On April 15, in Cauca province in the southwest of Colombia, FARC rebels ambushed a patrol of Colombian soldiers with explosives, grenades, and small arms, killing 10.  Little detail on the exact events on the ground has been forthcoming in open sources, except that the patrol was attacked in the hamlet of La Esperanza, and afterward, a single body was found wearing black and carrying a rifle—tentatively identified as one of the FARC guerrillas.

FARC, the Fuerzas Armas Revolucionaria de Colombia, the Marxist guerrilla group that has been fighting the Columbian government since 1964, has in recent years turned a great deal toward the drug trade to finance itself. They’ve also been in peace talks with the Colombian government since November, 2012. The talks are being held in Havana, Cuba. It was in Havana that the FARC spokesman, Félix Antonio Muñoz, alias ‘Pastor Alape,’ announced that the attack was a “defensive action” undertaken by the rebels, and that it underscores the need for a bilateral ceasefire. FARC declared a unilateral ceasefire in December 2014.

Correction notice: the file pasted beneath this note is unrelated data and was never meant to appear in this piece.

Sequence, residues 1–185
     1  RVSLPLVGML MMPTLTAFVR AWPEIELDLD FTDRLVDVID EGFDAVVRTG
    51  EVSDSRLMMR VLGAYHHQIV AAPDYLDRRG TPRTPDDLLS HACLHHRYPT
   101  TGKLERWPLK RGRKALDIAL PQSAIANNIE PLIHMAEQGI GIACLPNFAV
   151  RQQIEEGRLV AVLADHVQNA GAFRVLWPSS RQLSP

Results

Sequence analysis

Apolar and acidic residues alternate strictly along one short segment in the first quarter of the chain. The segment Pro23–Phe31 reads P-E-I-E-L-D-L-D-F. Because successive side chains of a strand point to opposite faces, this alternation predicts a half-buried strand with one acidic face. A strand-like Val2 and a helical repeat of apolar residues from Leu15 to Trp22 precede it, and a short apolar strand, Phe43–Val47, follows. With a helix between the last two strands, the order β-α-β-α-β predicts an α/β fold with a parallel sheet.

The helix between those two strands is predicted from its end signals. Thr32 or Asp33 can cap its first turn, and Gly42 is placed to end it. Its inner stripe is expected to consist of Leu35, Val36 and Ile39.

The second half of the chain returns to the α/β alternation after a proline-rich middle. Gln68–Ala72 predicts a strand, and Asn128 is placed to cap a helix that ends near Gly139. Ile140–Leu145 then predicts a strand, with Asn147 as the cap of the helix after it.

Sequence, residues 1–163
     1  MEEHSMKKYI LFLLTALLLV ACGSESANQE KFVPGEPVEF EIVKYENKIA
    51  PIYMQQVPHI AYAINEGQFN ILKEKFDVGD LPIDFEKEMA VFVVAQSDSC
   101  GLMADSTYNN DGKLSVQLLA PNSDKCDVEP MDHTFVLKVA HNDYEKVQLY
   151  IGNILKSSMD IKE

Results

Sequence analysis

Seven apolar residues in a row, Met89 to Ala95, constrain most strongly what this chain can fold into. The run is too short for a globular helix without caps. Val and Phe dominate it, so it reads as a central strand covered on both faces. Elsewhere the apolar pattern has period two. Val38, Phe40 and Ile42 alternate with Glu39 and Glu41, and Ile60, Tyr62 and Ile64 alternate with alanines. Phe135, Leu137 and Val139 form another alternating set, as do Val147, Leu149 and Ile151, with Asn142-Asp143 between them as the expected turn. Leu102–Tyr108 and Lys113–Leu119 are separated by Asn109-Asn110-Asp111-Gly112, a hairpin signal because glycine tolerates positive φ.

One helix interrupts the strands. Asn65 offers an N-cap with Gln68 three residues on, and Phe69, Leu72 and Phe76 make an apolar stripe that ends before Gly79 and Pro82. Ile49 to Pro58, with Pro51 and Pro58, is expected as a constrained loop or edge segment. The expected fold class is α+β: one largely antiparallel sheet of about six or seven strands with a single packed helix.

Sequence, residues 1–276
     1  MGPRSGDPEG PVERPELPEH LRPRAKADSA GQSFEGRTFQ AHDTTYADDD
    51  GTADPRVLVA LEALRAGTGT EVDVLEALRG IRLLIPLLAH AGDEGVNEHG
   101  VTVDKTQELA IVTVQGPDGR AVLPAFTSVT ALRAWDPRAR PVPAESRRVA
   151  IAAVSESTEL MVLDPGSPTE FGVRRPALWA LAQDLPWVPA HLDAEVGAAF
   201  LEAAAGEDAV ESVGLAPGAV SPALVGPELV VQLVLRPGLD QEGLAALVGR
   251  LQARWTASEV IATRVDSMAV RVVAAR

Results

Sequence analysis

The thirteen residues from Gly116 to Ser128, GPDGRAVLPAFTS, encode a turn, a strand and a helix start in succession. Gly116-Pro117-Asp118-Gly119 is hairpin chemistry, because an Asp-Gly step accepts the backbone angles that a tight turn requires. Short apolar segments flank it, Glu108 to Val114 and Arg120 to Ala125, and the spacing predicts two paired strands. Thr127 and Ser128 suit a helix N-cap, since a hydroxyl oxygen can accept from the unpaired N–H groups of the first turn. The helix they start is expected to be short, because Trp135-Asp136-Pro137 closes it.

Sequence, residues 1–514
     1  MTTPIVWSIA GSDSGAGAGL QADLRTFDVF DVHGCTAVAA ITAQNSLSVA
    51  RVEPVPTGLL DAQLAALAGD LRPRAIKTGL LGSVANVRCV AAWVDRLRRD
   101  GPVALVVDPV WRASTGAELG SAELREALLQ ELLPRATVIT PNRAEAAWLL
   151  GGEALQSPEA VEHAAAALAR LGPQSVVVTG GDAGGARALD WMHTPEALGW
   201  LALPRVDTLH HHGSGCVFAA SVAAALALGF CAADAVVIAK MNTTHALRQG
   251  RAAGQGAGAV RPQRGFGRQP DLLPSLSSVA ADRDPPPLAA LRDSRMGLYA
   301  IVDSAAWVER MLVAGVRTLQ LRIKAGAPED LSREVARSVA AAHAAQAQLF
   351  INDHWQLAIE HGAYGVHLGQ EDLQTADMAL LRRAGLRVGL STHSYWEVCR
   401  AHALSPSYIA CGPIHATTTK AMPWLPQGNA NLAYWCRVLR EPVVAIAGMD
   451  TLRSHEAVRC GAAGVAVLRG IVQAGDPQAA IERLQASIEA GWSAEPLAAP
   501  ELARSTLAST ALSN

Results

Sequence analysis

The government has denied that there was anything “defensive” about the fight that killed 10 Columbian soldiers and wounded 20 more. In response to the attack, President Juan Manuel Santos has declared an end to the bombing ceasefire that has been in place since March. “I have ordered the armed forces to ignore the order suspending bombings of FARC camps until further notice,” Santos said. “Let this be clear to the FARC: I’m not going to be pressured by vile acts like this to make a decision on a bilateral ceasefire.” Santos, a former journalist, has still refused to call off the peace talks, but on April 17, he finally declared the need for a deadline, saying that if FARC wants peace, “They must demonstrate with deeds, not words.”

This is not the first time the FARC has used hostile actions to call for a bilateral ceasefire. In November, 2014, the FARC kidnapped General Ruben Dario Alzate in the village of Las Mercedes, Choco province, as he was traveling along the Atrato river by boat. They claimed he was taken because he was “military personnel moving through a war zone,” and immediately declared that it illustrated the need for a ceasefire. Santos suspended the peace talks after the kidnapping, though they resumed shortly thereafter.